Jeremy Siegel is a Wharton professor of finance, the author of a fine book, Stocks for the Long Run, and a senior adviser for WisdomTree Investments. His impressive background gives him a lot of credibility and he is a frequent guest on the financial media. In a recent interview, Siegel opined that "stocks are 25 percent to 30 percent below what I'd call fair market value and that might be conservative in terms of earnings power and relative interest rates."
If you believe Professor Siegel has some special insight into future stock prices, you are probably mistaken. His ability to make these predictions is no greater than yours.
Prices for stocks are not below fair market value. By definition, they are at fair market value because they incorporate all publicly available information. Millions of traders all over the world are looking at this information. They are the ones who set the prices of all publicly traded stocks. There is ample evidence that the collective wisdom of these traders is far more accurate than the assessment of any one trader or professor. This evidence is summarized in James Surowiecki’s excellent book, The Wisdom of Crowds: Why the Many are Smarter than the Few and How Collective Wisdom Shapes Business, Economies, Societies and Nations.
Stocks may go up or down and Professor Siegel may turn out to be right or wrong, but this price movement has nothing to do with whether they are underpriced today. Tomorrow’s news moves stock prices and no one knows what that news will be. Future events are random and unpredictable. The most likely consequence of reliance on any trading system, stock picker, marketing timer, manager picker, style selection, or the views of self-styled investment gurus is that your expected returns will be negatively impacted.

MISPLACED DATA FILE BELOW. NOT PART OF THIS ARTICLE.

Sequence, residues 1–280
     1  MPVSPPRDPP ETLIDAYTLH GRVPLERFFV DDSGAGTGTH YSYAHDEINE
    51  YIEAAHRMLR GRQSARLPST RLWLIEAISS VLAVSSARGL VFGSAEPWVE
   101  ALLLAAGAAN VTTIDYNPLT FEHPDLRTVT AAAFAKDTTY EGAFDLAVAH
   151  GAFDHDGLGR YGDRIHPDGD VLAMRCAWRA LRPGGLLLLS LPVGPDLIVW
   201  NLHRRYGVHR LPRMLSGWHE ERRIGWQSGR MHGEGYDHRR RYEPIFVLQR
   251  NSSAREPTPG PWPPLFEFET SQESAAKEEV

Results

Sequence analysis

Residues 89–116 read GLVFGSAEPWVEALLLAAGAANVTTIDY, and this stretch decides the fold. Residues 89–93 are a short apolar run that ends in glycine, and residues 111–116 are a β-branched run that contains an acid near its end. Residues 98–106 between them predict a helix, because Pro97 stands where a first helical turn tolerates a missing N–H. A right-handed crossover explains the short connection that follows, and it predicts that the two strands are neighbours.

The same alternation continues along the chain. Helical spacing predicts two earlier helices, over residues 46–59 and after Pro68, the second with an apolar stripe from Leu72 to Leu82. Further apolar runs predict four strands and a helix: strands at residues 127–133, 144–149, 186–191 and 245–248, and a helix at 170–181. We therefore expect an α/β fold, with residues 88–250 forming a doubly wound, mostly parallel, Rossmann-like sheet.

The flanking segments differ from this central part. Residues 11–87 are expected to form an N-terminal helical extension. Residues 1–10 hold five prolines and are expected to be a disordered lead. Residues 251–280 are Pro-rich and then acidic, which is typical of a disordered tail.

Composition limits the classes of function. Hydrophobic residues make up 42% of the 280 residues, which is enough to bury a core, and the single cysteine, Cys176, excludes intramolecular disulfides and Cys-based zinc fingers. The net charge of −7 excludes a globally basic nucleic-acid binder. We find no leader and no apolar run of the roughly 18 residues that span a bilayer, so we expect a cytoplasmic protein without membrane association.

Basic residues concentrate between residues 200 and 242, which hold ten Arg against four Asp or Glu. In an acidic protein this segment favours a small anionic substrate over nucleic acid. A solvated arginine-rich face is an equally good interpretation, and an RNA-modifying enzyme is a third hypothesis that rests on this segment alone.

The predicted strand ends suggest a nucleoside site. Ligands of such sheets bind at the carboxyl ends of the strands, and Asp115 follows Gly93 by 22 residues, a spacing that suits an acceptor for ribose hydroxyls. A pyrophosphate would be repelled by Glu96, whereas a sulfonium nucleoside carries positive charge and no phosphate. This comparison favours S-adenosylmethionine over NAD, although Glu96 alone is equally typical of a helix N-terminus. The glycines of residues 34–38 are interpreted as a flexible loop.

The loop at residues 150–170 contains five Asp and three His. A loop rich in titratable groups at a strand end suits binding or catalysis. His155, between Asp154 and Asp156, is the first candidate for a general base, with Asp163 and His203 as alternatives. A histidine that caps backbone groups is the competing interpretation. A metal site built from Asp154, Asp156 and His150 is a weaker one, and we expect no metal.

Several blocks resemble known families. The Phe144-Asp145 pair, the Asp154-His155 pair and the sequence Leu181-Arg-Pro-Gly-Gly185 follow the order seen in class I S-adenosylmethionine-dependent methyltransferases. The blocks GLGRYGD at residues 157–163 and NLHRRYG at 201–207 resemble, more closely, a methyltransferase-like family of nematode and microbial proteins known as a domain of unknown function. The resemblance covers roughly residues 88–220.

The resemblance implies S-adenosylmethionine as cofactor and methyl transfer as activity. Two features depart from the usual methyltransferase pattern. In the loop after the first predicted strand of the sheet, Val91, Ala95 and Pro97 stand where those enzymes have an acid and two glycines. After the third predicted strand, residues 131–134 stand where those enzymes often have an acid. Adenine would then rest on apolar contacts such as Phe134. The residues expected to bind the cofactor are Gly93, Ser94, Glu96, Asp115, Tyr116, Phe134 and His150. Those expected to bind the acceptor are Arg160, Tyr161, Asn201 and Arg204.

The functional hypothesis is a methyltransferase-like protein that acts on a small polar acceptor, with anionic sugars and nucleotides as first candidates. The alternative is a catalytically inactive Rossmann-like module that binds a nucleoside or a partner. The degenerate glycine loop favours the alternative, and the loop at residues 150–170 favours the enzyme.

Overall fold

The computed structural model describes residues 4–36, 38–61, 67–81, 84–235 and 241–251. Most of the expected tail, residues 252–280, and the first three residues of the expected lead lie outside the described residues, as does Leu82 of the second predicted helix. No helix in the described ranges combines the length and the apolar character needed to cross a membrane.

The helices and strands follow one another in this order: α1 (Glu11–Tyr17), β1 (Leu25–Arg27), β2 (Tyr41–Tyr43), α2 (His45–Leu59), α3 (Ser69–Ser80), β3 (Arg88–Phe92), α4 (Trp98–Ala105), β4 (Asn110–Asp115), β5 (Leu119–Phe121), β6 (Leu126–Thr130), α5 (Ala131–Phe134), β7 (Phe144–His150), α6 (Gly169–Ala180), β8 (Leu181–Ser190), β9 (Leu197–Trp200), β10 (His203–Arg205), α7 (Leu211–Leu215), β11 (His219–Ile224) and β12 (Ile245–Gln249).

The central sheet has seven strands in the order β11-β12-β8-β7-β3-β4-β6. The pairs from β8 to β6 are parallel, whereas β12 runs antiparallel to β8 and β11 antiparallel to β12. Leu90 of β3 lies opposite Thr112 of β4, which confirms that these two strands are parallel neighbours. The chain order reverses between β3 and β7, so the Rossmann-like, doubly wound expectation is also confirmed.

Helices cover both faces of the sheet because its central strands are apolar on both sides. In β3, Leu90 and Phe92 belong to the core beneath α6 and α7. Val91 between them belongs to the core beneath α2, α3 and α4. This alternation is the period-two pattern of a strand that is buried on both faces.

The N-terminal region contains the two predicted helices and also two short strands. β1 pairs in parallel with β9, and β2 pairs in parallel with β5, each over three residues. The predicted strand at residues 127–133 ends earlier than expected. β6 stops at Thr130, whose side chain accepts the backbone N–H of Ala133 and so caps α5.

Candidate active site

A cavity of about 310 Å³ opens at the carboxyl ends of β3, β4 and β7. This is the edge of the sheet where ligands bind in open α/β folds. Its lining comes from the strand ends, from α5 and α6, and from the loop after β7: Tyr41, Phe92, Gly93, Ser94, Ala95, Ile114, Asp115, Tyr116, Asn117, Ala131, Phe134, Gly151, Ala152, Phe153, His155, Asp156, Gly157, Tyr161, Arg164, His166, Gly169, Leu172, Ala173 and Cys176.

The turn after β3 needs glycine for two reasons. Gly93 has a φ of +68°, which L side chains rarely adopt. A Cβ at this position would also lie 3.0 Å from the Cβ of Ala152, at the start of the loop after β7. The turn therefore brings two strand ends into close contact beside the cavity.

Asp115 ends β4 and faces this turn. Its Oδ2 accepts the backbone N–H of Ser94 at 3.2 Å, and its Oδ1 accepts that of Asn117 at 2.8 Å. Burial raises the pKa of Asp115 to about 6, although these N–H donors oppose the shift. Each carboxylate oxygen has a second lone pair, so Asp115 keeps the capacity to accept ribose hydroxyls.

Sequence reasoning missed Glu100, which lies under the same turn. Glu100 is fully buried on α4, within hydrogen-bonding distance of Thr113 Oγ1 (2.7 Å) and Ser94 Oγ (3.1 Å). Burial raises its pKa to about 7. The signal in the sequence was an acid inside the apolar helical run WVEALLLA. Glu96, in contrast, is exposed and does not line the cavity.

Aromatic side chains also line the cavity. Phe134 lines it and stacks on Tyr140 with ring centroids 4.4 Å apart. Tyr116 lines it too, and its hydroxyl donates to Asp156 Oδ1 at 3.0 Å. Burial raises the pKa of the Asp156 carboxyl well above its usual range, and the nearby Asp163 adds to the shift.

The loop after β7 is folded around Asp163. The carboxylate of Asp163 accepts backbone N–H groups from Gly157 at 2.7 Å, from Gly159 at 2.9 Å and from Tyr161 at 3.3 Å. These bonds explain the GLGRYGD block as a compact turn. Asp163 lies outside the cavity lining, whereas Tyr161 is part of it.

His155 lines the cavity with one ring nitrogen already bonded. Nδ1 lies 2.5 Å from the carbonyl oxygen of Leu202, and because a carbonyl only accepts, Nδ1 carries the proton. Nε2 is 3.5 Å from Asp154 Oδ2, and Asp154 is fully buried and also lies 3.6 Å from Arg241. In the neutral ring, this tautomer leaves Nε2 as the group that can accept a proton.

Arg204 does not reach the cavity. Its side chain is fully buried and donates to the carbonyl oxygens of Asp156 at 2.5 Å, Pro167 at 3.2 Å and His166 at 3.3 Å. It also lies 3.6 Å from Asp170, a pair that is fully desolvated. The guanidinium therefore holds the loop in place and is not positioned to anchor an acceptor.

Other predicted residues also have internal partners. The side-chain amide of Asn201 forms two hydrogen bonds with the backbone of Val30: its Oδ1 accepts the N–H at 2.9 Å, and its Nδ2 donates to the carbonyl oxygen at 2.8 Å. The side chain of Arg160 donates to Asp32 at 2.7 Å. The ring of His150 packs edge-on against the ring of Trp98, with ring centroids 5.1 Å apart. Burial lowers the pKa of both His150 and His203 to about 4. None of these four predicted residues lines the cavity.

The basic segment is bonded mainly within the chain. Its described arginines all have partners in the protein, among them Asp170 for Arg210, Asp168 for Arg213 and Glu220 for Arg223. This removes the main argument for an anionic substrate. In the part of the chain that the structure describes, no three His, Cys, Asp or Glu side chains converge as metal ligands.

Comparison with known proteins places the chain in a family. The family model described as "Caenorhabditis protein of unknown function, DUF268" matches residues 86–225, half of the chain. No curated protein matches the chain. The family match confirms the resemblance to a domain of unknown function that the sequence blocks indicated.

Professor Siegel’s prediction track record is mixed at best. At the end of 2007, he predicted that "the economy will avoid a recession" in 2008. His crystal ball also revealed that "the stock market will have another winning year in 2008" and that "financial stocks, which have plummeted 18 percent so far this year, will outperform the S&P 500 index next year  as the credit crises fades."
The recession of 2008 was the worst since the Great Depression. The S&P 500 lost 38.49 percent in 2008. It was its worst year since 1937. Financials underperformed all market sectors, losing 56.95 percent.
You would be far better off ignoring all statements about undervalued stocks. Instead, you should assume that stocks are fairly priced. Rather than relying on the often clouded crystal balls of talking heads, you should focus on the factors that really do affect your returns. The most important of these factors is the amount of exposure you have to the stock market. You can determine the right asset allocation (the division of your portfolio between stocks and bonds) by taking an asset allocation questionnaire.
Then focus on the cost of the funds in your portfolio. Low costs directly correlate with higher returns. I recommend some very sophisticated and very low cost portfolios of index funds and exchange-traded funds in my new book, The Smartest Portfolio You’ll Ever Own.
Dan Solin is a senior vice president of Index Funds Advisors. He is the author of the New York Times best sellers The Smartest Investment Book You'll Ever Read, The Smartest 401(k) Book You'll Ever Read, and The Smartest Retirement Book You'll Ever Read. His new book, The Smartest Portfolio You'll Ever Own, was released in September, 2011.